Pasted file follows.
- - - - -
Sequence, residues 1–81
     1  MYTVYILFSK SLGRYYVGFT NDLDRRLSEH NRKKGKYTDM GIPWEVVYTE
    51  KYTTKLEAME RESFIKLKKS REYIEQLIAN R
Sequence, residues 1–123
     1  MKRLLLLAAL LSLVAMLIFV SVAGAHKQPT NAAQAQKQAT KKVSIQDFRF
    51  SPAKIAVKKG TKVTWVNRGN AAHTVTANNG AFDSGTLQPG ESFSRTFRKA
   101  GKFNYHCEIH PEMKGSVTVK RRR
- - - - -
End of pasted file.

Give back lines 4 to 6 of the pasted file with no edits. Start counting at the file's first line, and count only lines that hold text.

Sequence, residues 1–123
     1  MKRLLLLAAL LSLVAMLIFV SVAGAHKQPT NAAQAQKQAT KKVSIQDFRF
    51  SPAKIAVKKG TKVTWVNRGN AAHTVTANNG AFDSGTLQPG ESFSRTFRKA